Kasich’s choice to dodge the convention in Cleveland piles on his opposition as it is being held in the very state of which he is governor.

Sen. Rubio’s spokesperson Olivia Perez-Cubas blamed Rubio’s absence on his late decision to jump into a re-election bid to retain his seat in the U.S. Senate. CNN reported her statement that the former 2016 presidential candidate previously planned to attend. Unlike Kasich, Rubio has indicated he will support the Republican nominee.

Then there’s the Bush that sought to be the third to serve as president. Jeb Bush rebuffed a recently dubbed presumptive nominee Trump with backhanded congratulations in May, writing in part, “In November, I will not vote for Donald Trump or Hillary Clinton…” Bush pledged, along with eight other candidates who took to an August debate stage, to support the Republican nominee. Trump later agreed to that pledge and re-affirmed it during a March debate.

Sen. Lindsey Graham, who only reluctantly supported Trump’s closest competitor Sen. Ted Cruz when all other viable options had fallen away, declared in May that he could not “in good conscience support Donald Trump” and would not attend the convention, according to TIME. Graham resigned from the race for the nomination in December with just 0.5 percent support. Less than a month later Graham endorsed establishment darling Jeb Bush.

In late May Graham appeared to be privately supportive of Trump in light of the alternative, Democratic presumptive nominee Hillary Clinton.

Hints of a breakdown in some of the candidates’ pledge to support the nominee were highlighted in a March CNN Town Hall where Trump, Cruz, and Kasich each expressed their reconsideration.

New Hampshire Sen. Kelly Ayotte has counted herself among those who will not attend the convention, citing her own tough re-election battle. In April Ayotte told CNN that her presence is “unlikely.”

Illinois Sen. Mark Kirk will also be home fighting for re-election, his campaign manager said in a statement last April according to the Chicago Tribune. Kirk did, however, affirm ahead of the Illinois primary that he would “certainly” support Trump as the nominee. In June Kirk reversed course on support for Trump, telling CNN that he “cannot and will not support” Trump and would write in CIA director David Petraeus in the fall. Petraeus has been at the center of discussion as comparisons are made between the prosecution against him for mishandling of classified information and the FBI investigation of former Secretary of State Hillary Clinton that found that she showed “gross negligence” in mishandling classified information.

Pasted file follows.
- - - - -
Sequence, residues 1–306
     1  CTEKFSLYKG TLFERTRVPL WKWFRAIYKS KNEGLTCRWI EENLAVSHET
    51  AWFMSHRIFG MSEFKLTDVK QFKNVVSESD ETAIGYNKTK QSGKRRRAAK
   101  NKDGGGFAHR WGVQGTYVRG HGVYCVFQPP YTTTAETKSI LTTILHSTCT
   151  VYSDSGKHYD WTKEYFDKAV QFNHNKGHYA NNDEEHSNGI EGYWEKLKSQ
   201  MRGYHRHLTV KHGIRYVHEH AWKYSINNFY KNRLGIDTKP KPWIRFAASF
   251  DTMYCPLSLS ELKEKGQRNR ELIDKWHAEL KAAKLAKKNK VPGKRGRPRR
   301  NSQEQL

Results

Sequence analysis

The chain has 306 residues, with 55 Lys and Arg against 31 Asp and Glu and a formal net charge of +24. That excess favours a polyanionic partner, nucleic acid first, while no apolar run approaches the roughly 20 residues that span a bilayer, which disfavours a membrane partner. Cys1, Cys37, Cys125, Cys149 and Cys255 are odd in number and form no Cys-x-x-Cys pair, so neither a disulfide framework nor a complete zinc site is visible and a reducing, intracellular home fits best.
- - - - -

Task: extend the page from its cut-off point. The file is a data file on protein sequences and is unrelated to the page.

Sen. Richard Burr expressed uncertainty as to whether he will attend in June, according to CNN. Sounding as it was not likely he said, “I’m more valuable outside of Cleveland than inside of Cleveland.” The North Carolina Republican is also facing re-election.

Former Louisiana Gov. Bobby Jindal, also a former 2016 candidate, will not be attending the convention but told CNN in early May that it has nothing to do with opposition to Trump. He has expressed his support for the presumptive nominee and simply didn’t see a reason for his presence at the convention.

Trump has asked former Republican presidential candidate Sen. Ted Cruz to speak at the convention and Cruz has accepted, even as he has yet to make good on his early election season promise to endorse the nominee. Presumptive nominee Trump is expected to officially secure the nomination at the Cleveland convention next week.

2008 Republican vice presidential candidate and former Alaska Gov. Sarah Palin, after a landmark 2008 convention speech, chose to forgo the 2012 convention where Romney presided as the nominee for President. As a strong and early Trump supporter, Palin is a likely speaker at next week’s convention.

Follow Michelle Moons on Twitter @MichelleDiana